30.9.8 Limitations of PQLI:

Morris admits that PQLI is limited measure of basic needs. Its supplements but does not supplant GNP. It does not measure economic growth. Further, it does not explain the changing structure of economic and social organization. It, therefore, does not measure economic development. Similarly, it does not measure total welfare. However, it measures the qualities of life which are essential for the poor.

30.10 Summary:
The three elements of human resource development discussed above should form part of a country’s development program. To solve the problem of surplus manpower requires check over rapidly increasing population, removal of market imperfections to improve labour mobility, building of appropriate incentives, creation of critical skills among employed and the unemployed through formal education. Above all, “successful development requires building up of effective government organizations, private enterprises, agricultural extension forces, research institutions, producer and consumer cooperatives, education systems, and host of other institutions which mobilize and direct human energy into useful channels.”

30.11 Check your Progress
1. Growth of population in developed economies will have positive impact 2. Rapid population growth tends to use the natural resources 3. Negative association between growth of population and standard of living 4. On the job training is part of HRD 5. Manpower planning means identification of shortage of skilled manpower

30.12 Key Concepts
Productivity: Every increase in one factor of production leads to a more than proportionate increase in the production.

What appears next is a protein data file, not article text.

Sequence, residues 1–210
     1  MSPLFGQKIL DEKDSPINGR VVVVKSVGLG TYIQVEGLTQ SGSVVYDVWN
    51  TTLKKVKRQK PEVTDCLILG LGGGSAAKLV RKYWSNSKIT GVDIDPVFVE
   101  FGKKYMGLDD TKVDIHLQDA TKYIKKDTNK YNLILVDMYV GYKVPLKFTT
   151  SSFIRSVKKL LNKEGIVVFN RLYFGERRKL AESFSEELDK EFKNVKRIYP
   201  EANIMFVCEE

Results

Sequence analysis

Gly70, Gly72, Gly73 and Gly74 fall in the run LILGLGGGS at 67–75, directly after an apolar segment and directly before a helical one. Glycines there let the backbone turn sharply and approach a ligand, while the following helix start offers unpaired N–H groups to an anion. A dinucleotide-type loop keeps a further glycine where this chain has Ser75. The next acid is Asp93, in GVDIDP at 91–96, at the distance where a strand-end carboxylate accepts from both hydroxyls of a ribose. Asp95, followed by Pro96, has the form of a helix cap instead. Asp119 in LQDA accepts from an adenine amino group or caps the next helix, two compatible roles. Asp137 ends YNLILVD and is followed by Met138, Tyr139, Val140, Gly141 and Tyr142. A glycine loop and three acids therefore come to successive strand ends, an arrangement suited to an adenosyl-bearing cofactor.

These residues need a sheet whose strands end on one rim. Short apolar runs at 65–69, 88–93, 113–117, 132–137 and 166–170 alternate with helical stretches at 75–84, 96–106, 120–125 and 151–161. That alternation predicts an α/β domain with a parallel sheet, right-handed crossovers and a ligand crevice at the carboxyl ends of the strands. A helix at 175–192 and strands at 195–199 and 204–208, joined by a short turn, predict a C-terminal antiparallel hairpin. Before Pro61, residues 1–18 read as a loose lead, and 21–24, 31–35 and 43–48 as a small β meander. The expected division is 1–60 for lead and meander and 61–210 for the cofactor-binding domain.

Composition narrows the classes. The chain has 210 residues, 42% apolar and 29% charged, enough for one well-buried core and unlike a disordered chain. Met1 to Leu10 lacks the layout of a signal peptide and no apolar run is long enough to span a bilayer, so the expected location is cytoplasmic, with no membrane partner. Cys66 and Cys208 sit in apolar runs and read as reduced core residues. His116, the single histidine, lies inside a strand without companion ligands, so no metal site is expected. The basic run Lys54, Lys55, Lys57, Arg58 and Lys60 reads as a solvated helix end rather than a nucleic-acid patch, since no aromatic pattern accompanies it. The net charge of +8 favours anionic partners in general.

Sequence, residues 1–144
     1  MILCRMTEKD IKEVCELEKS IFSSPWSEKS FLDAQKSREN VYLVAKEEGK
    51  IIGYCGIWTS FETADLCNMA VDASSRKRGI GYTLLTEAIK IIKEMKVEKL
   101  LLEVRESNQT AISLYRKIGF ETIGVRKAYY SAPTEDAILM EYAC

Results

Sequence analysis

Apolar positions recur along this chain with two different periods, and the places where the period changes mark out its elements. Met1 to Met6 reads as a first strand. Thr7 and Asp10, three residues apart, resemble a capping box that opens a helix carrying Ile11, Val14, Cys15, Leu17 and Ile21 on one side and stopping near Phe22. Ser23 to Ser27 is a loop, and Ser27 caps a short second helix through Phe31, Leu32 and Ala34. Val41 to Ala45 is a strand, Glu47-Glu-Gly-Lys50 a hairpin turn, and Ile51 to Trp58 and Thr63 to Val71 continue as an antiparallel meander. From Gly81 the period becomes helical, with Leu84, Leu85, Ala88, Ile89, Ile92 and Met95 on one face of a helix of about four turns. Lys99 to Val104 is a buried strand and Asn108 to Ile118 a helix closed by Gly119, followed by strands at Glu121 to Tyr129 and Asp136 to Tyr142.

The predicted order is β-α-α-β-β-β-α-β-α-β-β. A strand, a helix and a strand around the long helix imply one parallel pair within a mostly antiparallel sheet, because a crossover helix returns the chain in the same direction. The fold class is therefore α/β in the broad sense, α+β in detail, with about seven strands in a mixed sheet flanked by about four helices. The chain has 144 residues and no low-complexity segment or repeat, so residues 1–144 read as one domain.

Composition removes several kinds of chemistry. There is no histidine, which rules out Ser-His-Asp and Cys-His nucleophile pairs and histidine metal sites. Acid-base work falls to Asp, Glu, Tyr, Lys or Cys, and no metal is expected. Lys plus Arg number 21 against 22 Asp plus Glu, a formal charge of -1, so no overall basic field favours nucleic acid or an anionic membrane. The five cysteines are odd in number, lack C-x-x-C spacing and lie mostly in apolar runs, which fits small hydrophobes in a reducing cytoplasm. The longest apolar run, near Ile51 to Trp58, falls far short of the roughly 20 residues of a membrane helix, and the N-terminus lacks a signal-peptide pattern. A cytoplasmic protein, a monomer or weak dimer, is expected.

Capital scarce : Insufficient availability of capital input for development. This is the one of the features of under developed economies. Labor abundant: It refers to the excess availability of labor. Labor availability is more in under developed economies and less in developed economies. Land-man ratio: it implies that the availability of land for each human being. PQLI : it is one of the measurement rod to assess the economic growth Human resource development: Human resource development aims at solving the problems by creating the necessary skills in man as a productive resource and providing him gainful employment. On-the-job training : On-the-job training, including old type apprenticeships organized by firms is one of the program for human resource development. Man power planning : Man power planning relates to the long-range development of semi-skilled and skilled manpower requirement of the economy. Manpower shortages : The manpower shortage is at sub-professional level, top level managerial and administrative personal, trained primary, secondary and craft teachers and at the skilled workers level is there in an economy.

30.13 Self-Assessment Questions
Long answer type questions 1. “The relationship between population and economic development is one of interdependence”-Discuss. 2. In what way the population of a country hinders its economic development?

3. Examine the strategies for human resource development. 4. Bring out the contribution of human resources to economic development. Short answer type questions 5. Write a note on population and social infrastructure. 6. What is man power planning? Discuss its main objectives. 7. Write a note on the following: a) HDI b) PQLI

30.14 Answers to check your progress
1. True 2. False 3. True 4. True 5. True

30.15 Suggested Readings
1. Todaro, M.P., 2. Meier, G.M. (ed), 3. Jhingan M.L. 4. Taneja & Myer Economic Development in the Third World, 1978 Leading Issues in Economic Development, 1984 The Economics of Development and Planning, 2002 Economics of Development and Planning, 2007